A.) [front side] The Dime Novel [ FLOOR PLAN ]
The Dime Novel was born in the early 1850's. This progenitor of the
modern novel, and some even say radio & TV serials, was one way the western
frontier was sensationalized and introduced to much of the rest of the world,
including Europe. Some of the historical references & stories were only
loosely based on fact, and others were shear fiction meant for entertainment.
But their mass appeal and the excitement they generated led to mass production
of cheap story books for all genre of literature. When higher
speed printing techniques and less expensive pulp paper became available at
the turn of the twentieth century, the dime novel fell out of vogue, replaced
by the modern, larger and more robust selling serial novels that cost proportionately
about the same.
B.) The Western Lawman [
FLOOR PLAN ]
One of the more notable lawmen of the old west was Wyatt Earp (March
19,1848 - January 13,1929. Though also a farmer, teamster, and sometimes buffalo
hunter, he was best known for his role in the group that also included his
two brothers Virgil and Morgan who were the actual Marshals, and his
associate Doc Holiday, who like himself was deputized temporarily for
the standoff against the outlaw Clanton gang in the famous Shootout
at the OK Corral.
Late in life Earp moved to Hollywood, and impressed a young movie
extra named John Wayne who based his western lawman character on the famous
C.) The Sod Busters [
FLOOR PLAN ]
In 1862 the United States government offered a "land grab"
to people who would go into the western plains states and Homestead it by
building a home & raising crops. Because there were so few trees in this
region, the pioneers built homes from sod and grass, and tilled the earth
to raise grains and vegetables. In the 75 years since Lewis and Clark mapped
a route to the western coast, the sod busters were key to populating the frontier
lands between the eastern cities and the western shores, creating many small
towns that grew into commerce centers and later, cities.
D.) The Native American Chieftain [ FLOOR PLAN ]
In their own cultures, many indian leaders were not regarded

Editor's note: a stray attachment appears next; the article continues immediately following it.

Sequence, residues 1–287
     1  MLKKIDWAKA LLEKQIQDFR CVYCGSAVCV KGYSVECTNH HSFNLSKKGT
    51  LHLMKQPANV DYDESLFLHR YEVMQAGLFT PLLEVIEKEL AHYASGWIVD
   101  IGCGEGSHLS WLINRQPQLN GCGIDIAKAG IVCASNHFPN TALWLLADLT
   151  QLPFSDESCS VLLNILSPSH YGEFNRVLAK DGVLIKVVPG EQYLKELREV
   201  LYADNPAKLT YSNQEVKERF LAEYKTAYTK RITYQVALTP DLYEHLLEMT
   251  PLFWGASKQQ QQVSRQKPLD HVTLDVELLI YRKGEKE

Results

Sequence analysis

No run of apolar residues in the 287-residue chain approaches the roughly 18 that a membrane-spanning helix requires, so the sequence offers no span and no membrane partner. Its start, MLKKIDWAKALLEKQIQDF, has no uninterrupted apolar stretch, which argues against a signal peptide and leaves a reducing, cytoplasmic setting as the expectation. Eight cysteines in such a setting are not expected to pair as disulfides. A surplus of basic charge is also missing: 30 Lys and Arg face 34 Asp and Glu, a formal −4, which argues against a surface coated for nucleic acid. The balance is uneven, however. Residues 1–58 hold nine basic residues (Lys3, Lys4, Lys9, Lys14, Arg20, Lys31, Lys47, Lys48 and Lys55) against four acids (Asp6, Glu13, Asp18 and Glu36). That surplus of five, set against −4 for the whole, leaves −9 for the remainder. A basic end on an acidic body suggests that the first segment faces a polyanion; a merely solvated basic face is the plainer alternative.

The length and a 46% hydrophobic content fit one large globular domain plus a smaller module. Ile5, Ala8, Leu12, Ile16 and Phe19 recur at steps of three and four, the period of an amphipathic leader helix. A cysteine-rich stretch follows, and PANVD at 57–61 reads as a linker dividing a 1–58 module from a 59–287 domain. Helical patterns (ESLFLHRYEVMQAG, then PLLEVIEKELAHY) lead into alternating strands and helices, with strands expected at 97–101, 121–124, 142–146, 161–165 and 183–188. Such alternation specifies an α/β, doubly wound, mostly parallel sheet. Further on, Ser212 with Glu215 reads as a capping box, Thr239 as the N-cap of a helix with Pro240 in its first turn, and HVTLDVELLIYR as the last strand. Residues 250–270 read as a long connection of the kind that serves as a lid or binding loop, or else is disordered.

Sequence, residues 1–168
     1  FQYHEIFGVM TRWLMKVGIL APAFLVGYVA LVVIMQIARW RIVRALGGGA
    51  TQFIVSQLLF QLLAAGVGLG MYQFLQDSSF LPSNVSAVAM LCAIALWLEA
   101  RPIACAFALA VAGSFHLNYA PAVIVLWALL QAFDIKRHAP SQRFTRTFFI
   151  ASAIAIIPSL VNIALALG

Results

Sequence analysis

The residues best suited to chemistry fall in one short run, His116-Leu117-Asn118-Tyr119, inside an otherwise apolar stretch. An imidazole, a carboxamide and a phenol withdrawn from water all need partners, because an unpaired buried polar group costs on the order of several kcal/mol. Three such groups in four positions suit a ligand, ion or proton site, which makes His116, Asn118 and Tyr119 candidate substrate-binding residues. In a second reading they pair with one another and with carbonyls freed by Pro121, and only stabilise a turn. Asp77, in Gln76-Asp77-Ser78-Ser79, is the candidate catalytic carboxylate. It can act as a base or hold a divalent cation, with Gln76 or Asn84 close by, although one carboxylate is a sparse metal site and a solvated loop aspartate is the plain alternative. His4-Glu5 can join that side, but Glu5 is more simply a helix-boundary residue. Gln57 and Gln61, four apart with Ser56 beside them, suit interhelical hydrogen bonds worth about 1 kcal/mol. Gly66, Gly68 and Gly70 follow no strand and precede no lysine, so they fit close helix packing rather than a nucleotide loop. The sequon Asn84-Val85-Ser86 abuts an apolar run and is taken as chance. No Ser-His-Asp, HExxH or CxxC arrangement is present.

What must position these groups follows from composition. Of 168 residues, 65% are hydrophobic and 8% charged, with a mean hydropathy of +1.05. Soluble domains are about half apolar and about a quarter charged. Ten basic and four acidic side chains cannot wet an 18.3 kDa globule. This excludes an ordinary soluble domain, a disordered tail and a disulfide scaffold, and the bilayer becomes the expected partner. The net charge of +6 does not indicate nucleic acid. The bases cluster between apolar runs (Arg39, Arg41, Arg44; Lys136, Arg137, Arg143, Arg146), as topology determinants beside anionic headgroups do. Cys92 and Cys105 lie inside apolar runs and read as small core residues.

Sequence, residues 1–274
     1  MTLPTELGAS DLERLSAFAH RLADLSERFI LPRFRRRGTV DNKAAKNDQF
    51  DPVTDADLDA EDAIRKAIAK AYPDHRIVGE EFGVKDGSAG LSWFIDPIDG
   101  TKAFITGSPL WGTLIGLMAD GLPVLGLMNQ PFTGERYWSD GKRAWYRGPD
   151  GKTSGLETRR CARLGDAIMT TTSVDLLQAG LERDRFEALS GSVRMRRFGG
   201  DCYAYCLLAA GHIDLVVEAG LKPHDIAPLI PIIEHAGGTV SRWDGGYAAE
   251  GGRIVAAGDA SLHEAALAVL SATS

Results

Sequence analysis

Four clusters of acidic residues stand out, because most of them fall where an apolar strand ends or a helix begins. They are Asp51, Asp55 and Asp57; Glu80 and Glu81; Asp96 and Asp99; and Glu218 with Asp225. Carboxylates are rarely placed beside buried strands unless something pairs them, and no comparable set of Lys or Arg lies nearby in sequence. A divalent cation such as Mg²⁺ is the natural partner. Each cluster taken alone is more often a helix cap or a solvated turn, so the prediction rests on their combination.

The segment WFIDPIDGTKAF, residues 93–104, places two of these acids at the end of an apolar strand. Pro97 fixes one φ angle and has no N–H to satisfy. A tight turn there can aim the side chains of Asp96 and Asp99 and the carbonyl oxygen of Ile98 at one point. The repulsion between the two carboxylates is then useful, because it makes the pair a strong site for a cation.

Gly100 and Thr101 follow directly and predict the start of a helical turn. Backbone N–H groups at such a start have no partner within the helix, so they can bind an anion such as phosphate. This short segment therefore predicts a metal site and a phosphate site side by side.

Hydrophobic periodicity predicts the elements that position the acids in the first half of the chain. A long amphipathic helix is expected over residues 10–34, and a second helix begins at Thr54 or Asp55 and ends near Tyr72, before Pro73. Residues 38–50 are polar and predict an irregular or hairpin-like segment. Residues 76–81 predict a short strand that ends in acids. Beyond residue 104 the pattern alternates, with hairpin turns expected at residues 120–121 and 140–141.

as chiefs as we think of them today. Rather they were cooperative members
of a group of elders that governed a tribe. There were over 60 distinct tribes
in the American frontier in the middle of the 19th century.
Among latter-day chiefs, Red Cloud of the Sioux (1822 -1909) was
notable as a quiet man, simple and direct in speech, courageous in action,
an ardent lover of his country, and possessed in a marked degree of
the manly qualities characteristic of the American Indian in his best
E, F, G) The Wagon Train [
FLOOR PLAN ]
"Manifest Destiny" was the term for the great western migration of
the American pioneers following the exploration of the continent by Lewis
The phrase was used extensively by the Democratic party of president Andrew
Jackson after 1845 to promote the annexation of much of what is now the Western
United States (the Oregon Territory, the Texas Annexation, and the Mexican
Settlers would walk, ride horseback, or travel in caravans
of covered wagons to reach the new frontier.
The term fell out of usage by U.S. policy makers early in the 20th
century, but some commentators believe that aspects of Manifest Destiny, particularly
the belief in an American "mission" to promote and defend democracy throughout
the world, continued to have an influence on American political ideology.
H.) [front side] The Buffalo Soldiers [ FLOOR PLAN ]
The nickname of the all-black soldier regiments known as "Buffalo
Soldiers" began with the Cheyenne indian warriors in 1867. The actual Cheyenne
translation was Wild Buffalo. The name was given out of respect and the fierce
fighting ability of the 10th cavalry. But over time, "Buffalo Soldiers" became
a generic term for all African American soldiers. Some sources say that
the name "Buffalo Soldiers" was given to African American soldiers because
the Indians thought that their hair resembled a buffalo's curly fur.
From 1866 to the early 1890s these regiments served at a variety
of posts in the Southwestern United States (Apache Wars) and Great Plains
regions. They participated in most of the military campaigns in these areas
and earned a distinguished record. Thirteen enlisted men and six officers
from these four regiments earned the Medal of Honor during the Indian Wars.
In addition to the military campaigns, the "Buffalo Soldiers" served a variety
of roles along the frontier from building roads to escorting the U.S. mail.
H.) [back side] Tex Willer [
FLOOR PLAN ]
A modern spin-off of the "Dime Novel" the Tex Willer cartoon hero
stands as an icon of the wild west culture in Italy, where it is read by over
150,000 readers weekly. Ironically, it is virtually unknown in America.
I.) The Western Town [
FLOOR PLAN ]
Towns sprung up and thrived, and some became deserted and known as
"Ghost Towns" due to the turbulent nature of the times. Some of the notable